AMD Launches New Opteron 3200 CPU Series - HotHardware
AMD Launches New Opteron 3200 CPU Series

AMD Launches New Opteron 3200 CPU Series

New silicon? Yep, AMD's got it. The company this week announced the new Opteron 3200 Series CPU family, a revised outlay of chips that are sure to be useful for enterprise and cloud-based applications. AMD claims that it offers 38% better price performance and up to 19% less power per core than the competition, and that folks running rack servers will see serious gains in terms of power usage and performance.

"In today's economic environment, dedicated hosting providers need their data centers to become profit centers faster than ever," said Patrick Patla, corporate vice president and general manager, Commercial Business, AMD. "With the new AMD Opteron 3000 Series platform, Web and Cloud customers no longer have to compromise with desktop-class platforms in order to hit certain price points. Now they have all the benefits of a true server-class product at desktop-class price points. This helps rapidly-growing hosting customers achieve fast payback in their incredibly dense, power-efficient environments."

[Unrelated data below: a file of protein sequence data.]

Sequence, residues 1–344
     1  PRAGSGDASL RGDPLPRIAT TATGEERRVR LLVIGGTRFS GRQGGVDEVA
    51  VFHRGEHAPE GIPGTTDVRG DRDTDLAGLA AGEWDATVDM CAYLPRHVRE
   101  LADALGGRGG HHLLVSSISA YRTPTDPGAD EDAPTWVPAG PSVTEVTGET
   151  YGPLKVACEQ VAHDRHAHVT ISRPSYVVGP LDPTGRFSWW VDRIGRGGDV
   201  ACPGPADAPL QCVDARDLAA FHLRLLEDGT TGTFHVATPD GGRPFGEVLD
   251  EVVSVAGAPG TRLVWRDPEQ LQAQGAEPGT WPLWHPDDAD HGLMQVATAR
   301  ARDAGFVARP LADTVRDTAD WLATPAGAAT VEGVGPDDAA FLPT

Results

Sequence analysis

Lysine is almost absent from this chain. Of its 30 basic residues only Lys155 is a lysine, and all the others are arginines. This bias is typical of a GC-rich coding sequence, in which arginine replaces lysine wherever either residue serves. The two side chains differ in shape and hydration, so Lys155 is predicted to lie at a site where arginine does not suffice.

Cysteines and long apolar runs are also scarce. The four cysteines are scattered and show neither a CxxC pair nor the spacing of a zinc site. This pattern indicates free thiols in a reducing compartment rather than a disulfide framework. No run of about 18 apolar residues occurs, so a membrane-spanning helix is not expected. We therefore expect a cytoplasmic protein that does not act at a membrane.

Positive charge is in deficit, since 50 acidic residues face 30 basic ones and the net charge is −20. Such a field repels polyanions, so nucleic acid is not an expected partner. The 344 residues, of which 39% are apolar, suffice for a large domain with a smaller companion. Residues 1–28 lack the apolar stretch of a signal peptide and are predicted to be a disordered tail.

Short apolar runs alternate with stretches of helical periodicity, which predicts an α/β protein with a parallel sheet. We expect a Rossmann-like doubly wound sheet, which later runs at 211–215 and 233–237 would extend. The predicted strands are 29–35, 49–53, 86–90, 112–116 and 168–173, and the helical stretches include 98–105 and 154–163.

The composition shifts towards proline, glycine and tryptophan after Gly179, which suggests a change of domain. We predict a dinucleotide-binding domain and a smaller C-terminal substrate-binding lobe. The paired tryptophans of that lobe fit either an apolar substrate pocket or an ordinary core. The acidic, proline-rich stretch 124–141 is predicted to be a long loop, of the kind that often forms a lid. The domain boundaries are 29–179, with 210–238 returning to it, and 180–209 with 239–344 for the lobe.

Since the launch of its new core server architecture, and AMD Opteron 4200 and 6200 Series processors last November, AMD unveiled a disruptive server strategy and intentions to leverage its leading graphics IP while driving down the power in future SoC offerings. As part of accelerating this, AMD recently announced it had entered into a definitive agreement to acquire Cloud pioneer SeaMicro.

Today AMD has delivered on its promise of a low-power, single-socket solution that brings server functionality with desktop economics. The AMD Opteron 3000 Series platform is targeted to the dense, power efficient 1P Web hosting/Web server market. Available in either 4- or 8-core CPUs, the AMD Opteron 3200 Series processor is shipping today in platforms from MSI, Tyan, Fujitsu and Dell. Based on the "Bulldozer" core, the AMD Opteron 3000 Series platform leverages Socket AM3+ and provides customers with the cost savings associated with a "desktop-like" infrastructure, yet still offers server-class reliability, enterprise-class silicon validation/testing, security features and server OS certification.
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This chip has good specs and sells for less. That's what is needed in the entry level Server market.

Here's a rundown on some of the key specs:

45W to 65W TDP

2.7 GHz base frequency, up to 3.7 GHz frequency using AMD Turbo CORE technology
2 DDR3 memory channels supporting ECC UDIMM
1333, 1600, 1866 MHz memory speeds
Supports 1.5V, 2Rank
Up to 32GB memory capacity
Supports up to 2 DIMMs per memory channel
Total Cache: 16MB for 8-core, 8MB for 4-core
L2 Cache: up to 8MB total
L3 Cache: up to 8MB total

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